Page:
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Even on the same amplifier, every channel will react in its own personal way to the sound coming out from your stompboxes.
This is particularly true for the LEVEL coming OUT from your pedal rig, which will influence the way you may DRIVE and BOOST the INPUT stage of your amp.
Unlike you could think, the cleaner the channel, the more it will react in terms of VOLUME.
The clean channel of a Fender Twin will increase the volume A LOT as you increase the OUTPUT VOLUME on your overdrive pedal*. And what's more, it will preserve your transients.
While the lead channel of the same amp (let alone a Marshall) will result in a more saturated and compressed sound but the VOLUME will nearly stay the same.
The more you push your input stage, the most muffled and confused your sound will come out from the amp, due to the circuitry of your amp, like tube load and stuff like that.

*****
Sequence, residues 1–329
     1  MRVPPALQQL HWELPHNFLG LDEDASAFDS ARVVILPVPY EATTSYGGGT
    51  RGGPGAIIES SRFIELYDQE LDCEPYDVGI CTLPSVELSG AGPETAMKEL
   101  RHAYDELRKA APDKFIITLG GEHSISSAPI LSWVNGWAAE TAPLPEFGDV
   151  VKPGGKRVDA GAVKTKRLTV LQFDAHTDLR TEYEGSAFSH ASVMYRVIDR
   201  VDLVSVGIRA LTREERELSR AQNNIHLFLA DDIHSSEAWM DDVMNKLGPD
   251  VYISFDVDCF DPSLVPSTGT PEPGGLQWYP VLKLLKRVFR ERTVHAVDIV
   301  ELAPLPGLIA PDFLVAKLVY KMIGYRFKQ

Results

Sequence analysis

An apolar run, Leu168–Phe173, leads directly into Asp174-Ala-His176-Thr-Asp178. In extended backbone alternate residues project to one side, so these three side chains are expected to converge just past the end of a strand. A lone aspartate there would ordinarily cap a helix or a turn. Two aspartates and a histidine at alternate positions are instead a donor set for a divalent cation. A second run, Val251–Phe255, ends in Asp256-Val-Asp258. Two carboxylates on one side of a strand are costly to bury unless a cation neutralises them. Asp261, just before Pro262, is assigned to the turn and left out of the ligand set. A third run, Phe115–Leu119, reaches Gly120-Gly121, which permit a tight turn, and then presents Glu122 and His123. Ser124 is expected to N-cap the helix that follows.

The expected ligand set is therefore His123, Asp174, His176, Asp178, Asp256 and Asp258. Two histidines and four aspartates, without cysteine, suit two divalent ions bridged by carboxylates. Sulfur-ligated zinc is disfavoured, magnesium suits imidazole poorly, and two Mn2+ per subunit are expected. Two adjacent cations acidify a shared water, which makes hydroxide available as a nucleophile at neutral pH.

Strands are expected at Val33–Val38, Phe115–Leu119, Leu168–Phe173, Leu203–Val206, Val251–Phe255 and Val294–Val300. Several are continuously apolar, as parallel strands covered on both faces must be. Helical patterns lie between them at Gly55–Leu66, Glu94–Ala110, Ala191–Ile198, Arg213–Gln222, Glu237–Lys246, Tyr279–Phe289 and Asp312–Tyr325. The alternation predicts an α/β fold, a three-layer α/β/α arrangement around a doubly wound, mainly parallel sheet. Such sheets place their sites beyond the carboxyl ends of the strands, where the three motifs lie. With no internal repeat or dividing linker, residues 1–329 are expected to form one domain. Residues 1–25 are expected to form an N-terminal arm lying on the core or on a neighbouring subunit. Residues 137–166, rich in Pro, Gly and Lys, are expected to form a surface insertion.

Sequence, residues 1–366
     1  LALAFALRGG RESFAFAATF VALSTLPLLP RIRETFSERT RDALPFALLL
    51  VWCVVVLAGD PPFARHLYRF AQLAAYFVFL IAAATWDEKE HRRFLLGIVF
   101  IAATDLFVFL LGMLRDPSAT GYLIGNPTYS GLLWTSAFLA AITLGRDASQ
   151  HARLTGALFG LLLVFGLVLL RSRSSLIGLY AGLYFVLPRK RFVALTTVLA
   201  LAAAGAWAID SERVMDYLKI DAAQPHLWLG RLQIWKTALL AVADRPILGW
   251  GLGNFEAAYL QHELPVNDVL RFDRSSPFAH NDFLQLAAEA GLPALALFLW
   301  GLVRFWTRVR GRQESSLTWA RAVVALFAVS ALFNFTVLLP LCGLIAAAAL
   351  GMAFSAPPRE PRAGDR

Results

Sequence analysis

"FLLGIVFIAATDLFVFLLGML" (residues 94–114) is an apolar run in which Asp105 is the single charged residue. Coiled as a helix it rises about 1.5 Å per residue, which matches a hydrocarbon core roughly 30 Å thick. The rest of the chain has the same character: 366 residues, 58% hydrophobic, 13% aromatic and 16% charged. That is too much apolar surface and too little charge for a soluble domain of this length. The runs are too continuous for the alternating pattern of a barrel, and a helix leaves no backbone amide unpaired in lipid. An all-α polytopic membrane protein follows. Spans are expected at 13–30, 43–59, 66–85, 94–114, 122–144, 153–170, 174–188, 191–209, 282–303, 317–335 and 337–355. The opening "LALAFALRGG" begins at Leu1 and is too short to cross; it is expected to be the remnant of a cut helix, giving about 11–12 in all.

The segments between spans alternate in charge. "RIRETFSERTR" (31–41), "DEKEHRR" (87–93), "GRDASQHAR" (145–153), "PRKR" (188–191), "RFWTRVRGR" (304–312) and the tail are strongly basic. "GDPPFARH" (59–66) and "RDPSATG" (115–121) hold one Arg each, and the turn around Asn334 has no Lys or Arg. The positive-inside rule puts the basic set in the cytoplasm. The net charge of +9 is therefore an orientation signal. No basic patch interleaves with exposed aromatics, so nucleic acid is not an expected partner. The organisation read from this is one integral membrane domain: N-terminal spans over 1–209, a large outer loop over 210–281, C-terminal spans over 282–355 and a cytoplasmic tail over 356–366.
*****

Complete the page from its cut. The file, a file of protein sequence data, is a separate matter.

Which is pretty cool in terms of SOUND, but it is totally useless in term of "song arrangement" such as PUMP UP your volume during a solo.
So it really depends on your needs. You just have to look around a little bit with your settings and try different pedal order in your rig to find what works for your personal needs. Both with your own amp, and every time you're going to play with a backline amp.
Sometimes I end with using the crunch cannel for the clean parts, and switching to the clean channel + overdrive* for the solo section.
You may think it is a paradox and yes it is, but it works.
Check it out, your sound engineer will be happier than ever!
It happened to me during a gig to use my regular fuzz setting I was used to use on the crunch cannel of my VHT Pitbull amp on the clean channel of a Fender amp.
Don't do it, unless you want to transform your reggae party in a Manowar show.
* or no matter what other kind of distortion / boost unit.